Ambassador Geronimo Gutierrez: As Mexico’s ambassador in Washington, Gutierrez will play a prominent role during the negotiations and when the revised agreement goes before the U.S. Congress. Gutierrez was the managing director of the North American Development Bank (NADBank), the latest in a long series of North American-related government positions he has held throughout his career, including as undersecretary for North America at Mexico’s foreign ministry (SRE). This experience made him an ideal choice to be ambassador, and he has been a strong advocate in Washington for his country since assuming his position earlier this year.
Private Sector Advisors: A number of former NAFTA negotiators and Mexican trade officials are providing advice to the Peña Nieto administration from positions in the private sector. Herminio Blanco was the chief NAFTA negotiator and played a leading role in its approval by the U.S. Congress. Luis de la Calle is a former undersecretary for international trade (2000–02) and a frequent commentator on trade issues. Jaime Zabludovsky is another former NAFTA negotiator who now serves as chairman of the Mexican Council on Foreign Relations. Moises Kalach leads the business community’s engagement with the Mexican government; he played the same role during the TPP negotiations. All will provide advice to the current Mexican team and will be crucial to gaining approval and acceptance for a renegotiated NAFTA within the Congress and civil society. United States
During the 2016 U.S. presidential election campaign, international trade agreements, especially NAFTA, and the U.S. trade deficit received more attention than in many years. The subsequent election of Donald Trump, a candidate who opposed U.S. ratification of the TPP and called NAFTA one of the worst trade deals ever negotiated, raised the possibility that the United States would withdraw from the NAFTA agreement. Within days of his inauguration, Trump formally withdrew from the TPP and has repeated his calls for the renegotiation of NAFTA.
Despite the clear rhetorical focus on trade and NAFTA, Washington observers and insiders alike most often use the word “uncertainty” to describe the prevailing mood. The reasons include a lack of clarity from the Trump administration on its overall objectives for a renegotiation of the NAFTA agreement (and a brief threat to withdraw in late April), very public disagreements within the White House regarding how to approach NAFTA and trade more generally, and, until recently, the absence of a confirmed U.S. trade representative (USTR). The administration’s top priorities for NAFTA renegotiation are the trade deficit, rules of origin, digital trade/e- commerce and customs barriers. The administration’s expectation is to move quickly before the 2018 election season.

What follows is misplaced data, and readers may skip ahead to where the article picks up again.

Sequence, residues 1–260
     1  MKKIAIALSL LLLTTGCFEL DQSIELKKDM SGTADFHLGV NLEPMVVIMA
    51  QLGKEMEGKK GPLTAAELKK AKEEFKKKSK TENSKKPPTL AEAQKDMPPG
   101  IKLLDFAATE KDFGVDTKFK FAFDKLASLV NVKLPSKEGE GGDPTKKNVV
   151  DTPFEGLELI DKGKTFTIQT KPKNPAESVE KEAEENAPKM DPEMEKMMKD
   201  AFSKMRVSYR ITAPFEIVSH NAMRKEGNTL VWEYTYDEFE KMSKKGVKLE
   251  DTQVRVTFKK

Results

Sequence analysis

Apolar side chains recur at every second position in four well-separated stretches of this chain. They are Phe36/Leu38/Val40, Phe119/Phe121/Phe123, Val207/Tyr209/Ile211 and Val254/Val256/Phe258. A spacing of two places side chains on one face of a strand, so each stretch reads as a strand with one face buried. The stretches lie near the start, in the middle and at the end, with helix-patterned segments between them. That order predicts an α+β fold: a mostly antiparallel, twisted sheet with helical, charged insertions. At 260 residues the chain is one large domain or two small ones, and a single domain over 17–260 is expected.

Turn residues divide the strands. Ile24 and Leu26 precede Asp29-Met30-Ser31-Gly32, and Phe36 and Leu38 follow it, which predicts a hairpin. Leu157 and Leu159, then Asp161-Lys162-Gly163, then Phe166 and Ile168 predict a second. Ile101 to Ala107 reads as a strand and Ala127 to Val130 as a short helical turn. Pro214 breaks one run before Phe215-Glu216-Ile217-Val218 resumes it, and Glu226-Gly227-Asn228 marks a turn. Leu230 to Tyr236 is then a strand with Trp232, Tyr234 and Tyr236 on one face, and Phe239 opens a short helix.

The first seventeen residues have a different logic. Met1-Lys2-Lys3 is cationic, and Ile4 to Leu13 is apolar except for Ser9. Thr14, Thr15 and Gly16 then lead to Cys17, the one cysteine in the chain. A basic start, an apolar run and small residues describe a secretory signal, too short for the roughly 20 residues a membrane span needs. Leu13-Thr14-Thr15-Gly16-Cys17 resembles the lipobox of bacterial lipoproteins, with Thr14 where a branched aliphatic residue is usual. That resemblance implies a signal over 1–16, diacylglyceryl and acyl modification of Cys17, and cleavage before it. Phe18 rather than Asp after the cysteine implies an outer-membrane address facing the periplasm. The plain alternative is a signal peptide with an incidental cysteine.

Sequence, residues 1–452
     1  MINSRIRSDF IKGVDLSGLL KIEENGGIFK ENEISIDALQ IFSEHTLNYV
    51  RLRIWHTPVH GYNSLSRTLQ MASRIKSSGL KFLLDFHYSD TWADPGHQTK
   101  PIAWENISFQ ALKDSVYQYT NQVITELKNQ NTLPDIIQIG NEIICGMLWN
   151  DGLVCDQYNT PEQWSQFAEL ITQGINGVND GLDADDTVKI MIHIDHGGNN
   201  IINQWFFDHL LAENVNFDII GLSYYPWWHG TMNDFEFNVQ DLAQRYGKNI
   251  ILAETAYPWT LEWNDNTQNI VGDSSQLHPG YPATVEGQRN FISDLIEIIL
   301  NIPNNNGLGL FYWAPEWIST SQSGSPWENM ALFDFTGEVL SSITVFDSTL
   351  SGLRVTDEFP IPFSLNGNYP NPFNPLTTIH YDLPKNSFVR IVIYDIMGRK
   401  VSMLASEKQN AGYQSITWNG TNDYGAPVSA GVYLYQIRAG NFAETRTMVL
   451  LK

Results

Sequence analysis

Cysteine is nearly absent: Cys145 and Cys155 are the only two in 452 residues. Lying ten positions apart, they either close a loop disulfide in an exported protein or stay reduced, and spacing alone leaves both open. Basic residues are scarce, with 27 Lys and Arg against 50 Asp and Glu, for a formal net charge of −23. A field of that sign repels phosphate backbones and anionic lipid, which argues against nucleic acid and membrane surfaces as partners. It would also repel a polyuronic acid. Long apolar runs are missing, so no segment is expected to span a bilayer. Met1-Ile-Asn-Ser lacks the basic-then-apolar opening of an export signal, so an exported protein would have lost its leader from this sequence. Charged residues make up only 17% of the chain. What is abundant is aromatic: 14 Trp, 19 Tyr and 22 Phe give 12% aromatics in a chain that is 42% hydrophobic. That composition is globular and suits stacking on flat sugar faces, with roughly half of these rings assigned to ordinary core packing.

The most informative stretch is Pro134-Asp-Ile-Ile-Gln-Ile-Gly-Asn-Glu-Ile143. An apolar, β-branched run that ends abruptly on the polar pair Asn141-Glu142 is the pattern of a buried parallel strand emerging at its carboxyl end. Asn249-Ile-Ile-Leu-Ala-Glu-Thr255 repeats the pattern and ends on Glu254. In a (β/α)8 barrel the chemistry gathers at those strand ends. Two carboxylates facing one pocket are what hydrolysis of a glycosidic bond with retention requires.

The Trade Promotion Authority (TPA) Act, which allows the administration to present a new or renegotiated trade agreement to the Congress for an up or down vote, requires that the administration officially notify the Congress of its intentions 90 days before negotiations commence. The administration notified Congress on May 18 of its intent to renegotiate the agreement with identical letters to House and Senate leadership; negotiations can now commence as soon as Aug. 16. The current TPA applies to agreements reached before July 1, 2018, with a possible extension to July 1, 2021.
Of the many administration officials, including the president, who will have a key role in the negotiations, four stand out as critical players in the current development of a U.S. negotiating position.
Secretary of Commerce Wilbur Ross: Since his nomination, and especially in the absence of a confirmed USTR until recently, Ross has played a much larger role than is traditional for the commerce secretary. Ross has taken a hard line on bilateral disputes, including those regarding dairy and lumber with Canada and sugar with Mexico. He also has been very clear in his view that the United States has been taken advantage of in its free trade agreements.
USTR Robert Lighthizer: Now confirmed, Lighthizer will likely reassert his agency’s traditional role as the chief trade negotiator. Lighthizer has dedicated his private practice to anti-dumping and countervailing duty (AD/CVD) cases and is a strong proponent of an enhanced focus on enforcement.
National Economic Council Director Gary Cohn: Cohn is one of a number of Trump administration officials who previously worked at Goldman Sachs. Cohn in fact is a former president and COO of the firm. Cohn is a leader of the pro-trade faction within the White House and prevailed over Peter Navarro in late April when Trump threatened NAFTA withdrawal. Cohn was also chosen to present the president’s tax reform proposal along with Treasury Secretary Steven Mnuchin, underscoring his central role in economic policy.
USTR General Counsel Stephen Vaughn: As acting USTR before Lighthizer’s confirmation, Vaughn played a leading role along with Wilbur Ross in the initial congressional consultations regarding NAFTA renegotiation. Like Lighthizer, Vaughn is an AD/CVD attorney and well-known advocate of government support for manufacturing.
The following comments recently shared with us are indicative of the general state of play: